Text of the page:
You're Being Watched

 


In July of 2020, my son's family moved into our home due to being displaced from Covid.  Within moments of their arrival, my then three-year-old grandson was relentless in asking me to play with him.  Every time he saw me he'd say, "Grandma, will you play with me?"  

I'm not kidding.  He'd ask 10-20 times in a matter of a few hours.

A few weeks into this madness, I decided to set some boundaries for my own sanity.  

I decided four times a week after dinner we'd play for 30 minutes the game or activity of his choosing.  Then before we started to play, I'd speak into my Apple Watch and say, "Set timer for 30-minutes."

The setting the timer action had gone on for months, then out of the blue the other day, this funny little boy looked at me, put his wrist to his mouth, and spoke these words, "Set timer for 30-minutes."

I couldn't stop laughing.  Don't ever think the people in your life aren't watching you.  

In Hebrews 13:7, in the NIV, it says, Remember your leaders, who spoke the word of God to you.  Consider the outcome of their way of life and imitate their faith.

There is an old saying that the sincerest form of flattery is imitation.  When my grandson imitated my actions, it made me laugh, but also I was proud.  His actions of imitating me blessed me.  He had taken notice and when he thought the time was right, he imitated me.

Is there someone special in your life who is watching your actions?  Maybe it's a friend, relative, neighbor, your church community, or an unbeliever, would you be proud or happy to have them imitate your faith in action?  

Remember, you're being watched.

Wednesday, December 2, 2020

Repairing Relationships





I'd like to believe every time a person has the courage to tell someone they are sorry, that the other person will be humble, merciful, and forgiving.   But that's not always the way the, "I'm sorry," happens.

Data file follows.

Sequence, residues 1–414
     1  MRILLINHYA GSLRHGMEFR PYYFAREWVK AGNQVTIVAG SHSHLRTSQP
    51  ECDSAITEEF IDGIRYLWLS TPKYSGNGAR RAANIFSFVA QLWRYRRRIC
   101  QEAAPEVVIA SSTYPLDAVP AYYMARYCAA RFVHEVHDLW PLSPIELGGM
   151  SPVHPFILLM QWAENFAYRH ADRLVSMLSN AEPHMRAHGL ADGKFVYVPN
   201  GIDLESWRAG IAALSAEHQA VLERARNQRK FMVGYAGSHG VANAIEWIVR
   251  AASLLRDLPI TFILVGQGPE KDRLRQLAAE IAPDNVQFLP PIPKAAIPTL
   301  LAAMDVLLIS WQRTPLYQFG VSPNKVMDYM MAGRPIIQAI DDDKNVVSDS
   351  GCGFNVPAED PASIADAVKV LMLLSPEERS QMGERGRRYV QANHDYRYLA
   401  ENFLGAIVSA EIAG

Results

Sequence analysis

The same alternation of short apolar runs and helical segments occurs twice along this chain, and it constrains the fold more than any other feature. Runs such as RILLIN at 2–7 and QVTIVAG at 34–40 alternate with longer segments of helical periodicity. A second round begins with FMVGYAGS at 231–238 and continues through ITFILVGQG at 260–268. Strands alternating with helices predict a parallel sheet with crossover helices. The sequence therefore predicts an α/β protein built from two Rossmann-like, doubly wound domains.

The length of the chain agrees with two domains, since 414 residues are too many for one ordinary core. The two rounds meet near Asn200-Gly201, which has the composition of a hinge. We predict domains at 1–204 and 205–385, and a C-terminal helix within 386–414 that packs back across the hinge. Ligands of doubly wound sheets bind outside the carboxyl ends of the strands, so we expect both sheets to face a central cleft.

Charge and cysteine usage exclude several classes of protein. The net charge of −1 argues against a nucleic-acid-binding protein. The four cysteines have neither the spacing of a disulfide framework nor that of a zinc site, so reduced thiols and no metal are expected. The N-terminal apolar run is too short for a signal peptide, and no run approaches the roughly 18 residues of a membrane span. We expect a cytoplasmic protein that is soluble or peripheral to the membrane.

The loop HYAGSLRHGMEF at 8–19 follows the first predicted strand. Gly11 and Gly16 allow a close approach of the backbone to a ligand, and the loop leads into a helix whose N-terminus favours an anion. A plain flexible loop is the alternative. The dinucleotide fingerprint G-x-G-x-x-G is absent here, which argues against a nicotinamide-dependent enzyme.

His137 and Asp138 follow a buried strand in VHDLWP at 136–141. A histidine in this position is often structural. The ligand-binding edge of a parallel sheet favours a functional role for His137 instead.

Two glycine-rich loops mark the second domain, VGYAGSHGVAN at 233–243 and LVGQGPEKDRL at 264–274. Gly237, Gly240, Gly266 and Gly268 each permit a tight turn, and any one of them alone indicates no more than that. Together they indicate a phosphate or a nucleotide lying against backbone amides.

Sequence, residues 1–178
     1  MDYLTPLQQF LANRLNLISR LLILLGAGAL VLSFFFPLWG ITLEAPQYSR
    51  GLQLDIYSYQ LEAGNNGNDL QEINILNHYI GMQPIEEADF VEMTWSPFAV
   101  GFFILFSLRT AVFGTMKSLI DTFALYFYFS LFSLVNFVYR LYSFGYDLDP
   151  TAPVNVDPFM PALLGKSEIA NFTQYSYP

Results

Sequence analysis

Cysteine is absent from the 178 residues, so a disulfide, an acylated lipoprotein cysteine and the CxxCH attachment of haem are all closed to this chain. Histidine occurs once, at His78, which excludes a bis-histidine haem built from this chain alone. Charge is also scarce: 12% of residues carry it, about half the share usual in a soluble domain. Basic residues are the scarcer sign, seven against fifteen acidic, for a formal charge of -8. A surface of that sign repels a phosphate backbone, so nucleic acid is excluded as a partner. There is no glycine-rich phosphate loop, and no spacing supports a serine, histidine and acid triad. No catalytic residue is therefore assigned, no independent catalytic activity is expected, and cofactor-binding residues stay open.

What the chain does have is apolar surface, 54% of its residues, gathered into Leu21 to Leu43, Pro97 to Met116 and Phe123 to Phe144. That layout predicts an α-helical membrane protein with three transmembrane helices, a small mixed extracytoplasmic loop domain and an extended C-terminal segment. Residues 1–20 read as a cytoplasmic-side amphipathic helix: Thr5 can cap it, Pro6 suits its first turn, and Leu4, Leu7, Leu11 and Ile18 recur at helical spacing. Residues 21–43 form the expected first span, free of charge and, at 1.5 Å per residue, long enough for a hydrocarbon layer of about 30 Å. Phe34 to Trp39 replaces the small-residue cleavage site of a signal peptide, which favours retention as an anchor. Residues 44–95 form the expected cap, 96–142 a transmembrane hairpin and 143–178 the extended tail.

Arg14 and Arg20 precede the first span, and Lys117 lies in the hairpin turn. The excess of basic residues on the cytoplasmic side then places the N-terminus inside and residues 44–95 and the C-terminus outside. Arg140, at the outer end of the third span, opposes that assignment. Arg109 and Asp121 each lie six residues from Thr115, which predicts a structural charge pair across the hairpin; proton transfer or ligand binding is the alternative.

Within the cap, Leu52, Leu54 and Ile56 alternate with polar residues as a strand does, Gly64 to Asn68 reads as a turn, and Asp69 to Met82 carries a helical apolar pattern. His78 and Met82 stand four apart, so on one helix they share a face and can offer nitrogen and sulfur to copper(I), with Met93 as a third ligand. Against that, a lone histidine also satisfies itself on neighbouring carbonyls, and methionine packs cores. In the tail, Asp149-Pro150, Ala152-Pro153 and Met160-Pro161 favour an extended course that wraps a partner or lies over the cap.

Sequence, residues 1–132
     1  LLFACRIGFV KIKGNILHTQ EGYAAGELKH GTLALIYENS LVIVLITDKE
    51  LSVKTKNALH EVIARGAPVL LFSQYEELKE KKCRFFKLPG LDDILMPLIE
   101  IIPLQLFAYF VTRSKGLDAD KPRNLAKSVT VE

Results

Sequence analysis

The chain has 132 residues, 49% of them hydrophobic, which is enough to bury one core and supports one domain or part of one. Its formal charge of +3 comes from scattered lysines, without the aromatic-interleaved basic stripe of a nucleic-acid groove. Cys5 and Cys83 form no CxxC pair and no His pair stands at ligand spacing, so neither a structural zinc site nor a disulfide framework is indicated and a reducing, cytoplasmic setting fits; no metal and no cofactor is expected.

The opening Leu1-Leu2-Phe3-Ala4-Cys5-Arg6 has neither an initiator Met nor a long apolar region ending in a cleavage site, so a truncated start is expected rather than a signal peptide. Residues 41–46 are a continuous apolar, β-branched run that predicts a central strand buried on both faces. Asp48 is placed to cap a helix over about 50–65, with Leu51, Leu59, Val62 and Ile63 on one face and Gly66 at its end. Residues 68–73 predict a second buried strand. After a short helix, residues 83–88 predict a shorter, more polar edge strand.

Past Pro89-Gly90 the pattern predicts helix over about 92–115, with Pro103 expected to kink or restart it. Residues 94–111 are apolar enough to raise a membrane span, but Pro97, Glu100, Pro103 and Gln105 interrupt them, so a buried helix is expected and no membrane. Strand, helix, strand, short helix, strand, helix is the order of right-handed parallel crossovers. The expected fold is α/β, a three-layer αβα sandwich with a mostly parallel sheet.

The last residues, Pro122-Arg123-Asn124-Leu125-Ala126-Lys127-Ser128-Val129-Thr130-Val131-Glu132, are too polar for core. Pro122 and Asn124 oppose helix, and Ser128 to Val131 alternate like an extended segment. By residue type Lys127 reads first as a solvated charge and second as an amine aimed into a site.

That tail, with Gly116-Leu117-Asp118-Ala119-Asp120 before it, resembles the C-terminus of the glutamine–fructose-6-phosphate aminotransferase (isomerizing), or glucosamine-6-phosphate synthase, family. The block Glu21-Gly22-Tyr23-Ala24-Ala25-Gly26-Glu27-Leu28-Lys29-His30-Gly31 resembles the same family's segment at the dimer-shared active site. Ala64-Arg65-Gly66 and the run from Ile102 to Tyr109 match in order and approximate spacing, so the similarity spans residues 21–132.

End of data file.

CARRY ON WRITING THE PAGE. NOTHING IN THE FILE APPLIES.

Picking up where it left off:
When a sorry is coming, sometimes it’s good, if a little groundwork is laid beforehand.  

At least that’s what Paul did in the book of Philemon.  He prepared the ground for Onesimus to seek forgiveness.  

The New Testament book of Philemon is a small, one-chapter book made up of 22 verses.  This book tells the story of a wealthy landowner named, Philemon and his runaway slave, Onesimus.  

In those days, the Roman Empire had given slave owners the power to put their runaway slaves to death.  Paul's letter to Philemon paves the way for the runaway slave, Onesimus to return to his master to make things right.

There are three main characters in this story.  

·      Paul, the writer of the letter.

·      Philemon, the one who was wronged.

·      And Onesimus, the guilty one seeking forgiveness. 

If I had to pick a hero in this story, it would be the slave, Onesimus, he had everything to lose by returning to his master.  Yet, as a new believer, he wanted and needed to make things right.  

Paul's letter is skillfully crafted to help Philemon the slaveowner do the right thing, but to be sure Philemon does the right thing, Paul says this in 1:18 (NIV).

If he has done you any wrong or owes you anything, charge it to me.

There’s someone else in the New Testament who also willingly took the wrongs of others.  When Jesus hung on the cross for the sins of the entire human race, while those around Him were hurling insults.  

Jesus prepared the way, "Father, forgive them…" 

When it comes to repairing broken relationships, forgiveness is the glue.